Sunday, 27 February 2011

Deep, DEEP in rehearsal hell at present.  The opposite side of the coin to those aimless days and weeks of wandering around smiling vaguely and practising what and when you feel like.  10 a.m. most days, three floors under in one of the rehearsal stages, work until 2 p.m., then maybe 6-10 p.m. Four hours in the middle might seem like a lot, but add in costume fittings, having to eat, cycling to and from home in what at present is extremely unpredictable weather ("Spring" - in one week we went from snow to gales to pouring rain to sunshine so warm I dried a washload of clothes on the balcony to freezing fog...), not to mention the normal routines of housework and shopping; well frankly you're left with not an awful lot of free time.  And that which you do have, does tend to be spent lying prone in a darkened room, knowing that the list of unanswered emails has now crept to over forty but feeling utterly unable to even approach the blasted computer.

The air down there is not the freshest at the best of times.  This is the deepest location in the city.  Normal rehearsals involve about ten soloists, either on stage or lolling around at the sides, and a line of people along the "audience" side of the room including director, conductor, rehearsal pianist, prompter, director's assistant, costume designer, set designer, couple of people from props, at least one costume assistant, and usually one bod whom nobody is really sure about but who kind of looks like they belong.  Once you add in extras (including mothers etc when the extras are children), the air starts feeling a little recycled.  And when you add to the mix an entire opera chorus... well, let's just say we're all looking forward to the start of rehearsals on the actual stage.

In such conditions it is tempting to grumble occasionally.  I spent over three quarters of an hour on Friday splatted on the floor, waiting recumbent whilst details of a duet down the other end of the stage were being hammered out.  I was tired and it did occur to me to think, ah for goodness' sake, couldn't we just nip to the canteen for a coffee while you get all that sorted out?  Then I thought, well hey, how many jobs are there where you get to lie on the floor for nearly an hour pretending to be asleep and they actually PAY you for it?  I giggled to myself, adjusted the leg of the oversized soft toy under my head and relaxed.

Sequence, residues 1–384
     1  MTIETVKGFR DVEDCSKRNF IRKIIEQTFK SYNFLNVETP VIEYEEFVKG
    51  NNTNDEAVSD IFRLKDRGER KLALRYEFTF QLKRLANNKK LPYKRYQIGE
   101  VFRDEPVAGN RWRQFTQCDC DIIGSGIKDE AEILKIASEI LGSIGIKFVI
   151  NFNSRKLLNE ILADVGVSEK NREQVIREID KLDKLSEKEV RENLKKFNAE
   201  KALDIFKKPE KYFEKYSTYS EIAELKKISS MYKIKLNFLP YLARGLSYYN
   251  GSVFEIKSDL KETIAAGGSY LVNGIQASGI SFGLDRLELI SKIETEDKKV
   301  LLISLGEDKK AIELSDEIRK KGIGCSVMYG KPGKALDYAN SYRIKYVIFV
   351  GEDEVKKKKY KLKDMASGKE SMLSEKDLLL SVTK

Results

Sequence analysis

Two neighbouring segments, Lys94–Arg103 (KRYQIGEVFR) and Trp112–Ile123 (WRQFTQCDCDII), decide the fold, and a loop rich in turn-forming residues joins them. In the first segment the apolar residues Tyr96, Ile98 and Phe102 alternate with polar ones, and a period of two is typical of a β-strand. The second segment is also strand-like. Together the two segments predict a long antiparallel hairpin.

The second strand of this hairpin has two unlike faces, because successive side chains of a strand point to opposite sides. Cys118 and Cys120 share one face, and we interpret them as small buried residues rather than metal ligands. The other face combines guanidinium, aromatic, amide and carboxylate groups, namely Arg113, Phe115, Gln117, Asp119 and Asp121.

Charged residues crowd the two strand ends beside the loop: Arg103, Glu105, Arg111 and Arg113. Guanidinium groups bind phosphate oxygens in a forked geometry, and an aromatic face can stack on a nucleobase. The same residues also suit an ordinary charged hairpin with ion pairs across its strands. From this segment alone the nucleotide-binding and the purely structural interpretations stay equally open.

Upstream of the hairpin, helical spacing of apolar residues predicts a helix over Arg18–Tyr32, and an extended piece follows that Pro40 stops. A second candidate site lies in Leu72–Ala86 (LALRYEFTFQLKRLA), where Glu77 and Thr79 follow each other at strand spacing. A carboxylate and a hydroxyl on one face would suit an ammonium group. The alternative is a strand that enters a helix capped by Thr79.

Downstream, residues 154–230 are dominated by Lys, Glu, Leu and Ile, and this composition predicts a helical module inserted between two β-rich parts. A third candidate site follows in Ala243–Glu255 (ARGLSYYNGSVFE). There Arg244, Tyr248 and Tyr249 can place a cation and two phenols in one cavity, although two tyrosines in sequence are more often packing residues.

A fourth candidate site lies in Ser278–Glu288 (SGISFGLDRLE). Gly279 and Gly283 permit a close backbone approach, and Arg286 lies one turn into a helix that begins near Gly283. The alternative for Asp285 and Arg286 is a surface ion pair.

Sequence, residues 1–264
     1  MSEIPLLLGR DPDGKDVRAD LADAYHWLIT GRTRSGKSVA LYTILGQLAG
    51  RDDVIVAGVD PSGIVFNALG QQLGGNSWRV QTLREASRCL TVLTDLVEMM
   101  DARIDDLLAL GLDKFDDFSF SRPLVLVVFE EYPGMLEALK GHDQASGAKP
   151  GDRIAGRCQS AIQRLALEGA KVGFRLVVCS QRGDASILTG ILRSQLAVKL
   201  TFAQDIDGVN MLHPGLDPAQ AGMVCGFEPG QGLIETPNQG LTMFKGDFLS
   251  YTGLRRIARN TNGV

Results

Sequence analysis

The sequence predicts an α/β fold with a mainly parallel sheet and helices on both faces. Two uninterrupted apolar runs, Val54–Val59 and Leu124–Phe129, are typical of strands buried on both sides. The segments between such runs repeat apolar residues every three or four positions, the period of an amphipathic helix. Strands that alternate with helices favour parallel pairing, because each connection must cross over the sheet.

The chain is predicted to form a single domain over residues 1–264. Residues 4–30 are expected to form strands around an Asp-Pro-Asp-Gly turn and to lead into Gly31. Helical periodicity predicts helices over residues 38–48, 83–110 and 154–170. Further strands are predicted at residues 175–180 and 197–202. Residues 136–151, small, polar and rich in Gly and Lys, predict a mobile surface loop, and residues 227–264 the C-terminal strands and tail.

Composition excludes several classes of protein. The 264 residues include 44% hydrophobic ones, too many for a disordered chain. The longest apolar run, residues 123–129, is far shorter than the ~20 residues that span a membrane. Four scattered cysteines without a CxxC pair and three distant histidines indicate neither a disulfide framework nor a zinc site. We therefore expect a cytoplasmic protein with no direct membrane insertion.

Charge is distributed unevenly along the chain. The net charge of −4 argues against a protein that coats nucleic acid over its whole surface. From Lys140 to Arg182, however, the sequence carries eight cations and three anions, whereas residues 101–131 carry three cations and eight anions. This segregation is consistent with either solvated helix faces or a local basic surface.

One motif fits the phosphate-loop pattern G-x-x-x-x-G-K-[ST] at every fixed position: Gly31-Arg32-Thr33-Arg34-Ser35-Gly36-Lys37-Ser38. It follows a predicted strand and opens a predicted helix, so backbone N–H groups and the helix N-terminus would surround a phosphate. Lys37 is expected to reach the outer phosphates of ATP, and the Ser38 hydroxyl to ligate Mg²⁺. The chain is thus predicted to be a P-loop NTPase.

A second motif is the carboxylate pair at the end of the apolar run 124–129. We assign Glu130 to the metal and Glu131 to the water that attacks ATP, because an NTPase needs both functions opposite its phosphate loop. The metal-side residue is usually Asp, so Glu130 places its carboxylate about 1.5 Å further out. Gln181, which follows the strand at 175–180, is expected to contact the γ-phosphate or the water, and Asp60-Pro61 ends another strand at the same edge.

(And when I related that particular incident to a dear German friend, she started earnestly telling me about a friend of hers who had been running sleep experiments in a lab and paying the insomniac volunteers... Beautifully German - I had a bash at explaining rhetorical questions, but ran aground rather.)

Aha, and concerning language and deficiencies of learning thereof, I was recently describing to a (much younger) friend and colleague the delicacies that I had snaffled on a recent lightning raid into Alsace.  These included for example Boursin with figs and three types of nuts, about twenty other sorts of French cheese, rillettes, quail with figs and Bergerac sauce, guinea fowl with chestnuts and sauce Foresti√®re... dear me, my mouth is watering even now.  I could hardly carry all my treasure back on the train; loading the bike and steering it back home was something of a delicate operation.

Anyway, I was doing OK on the descriptions until I got to the wilder shores of gamefowl in German.  Attempting to elicit a few possibilities for quail, I tried "Um, like chicken, only smaller."

"Chicken nuggets?" suggested my friend helpfully...

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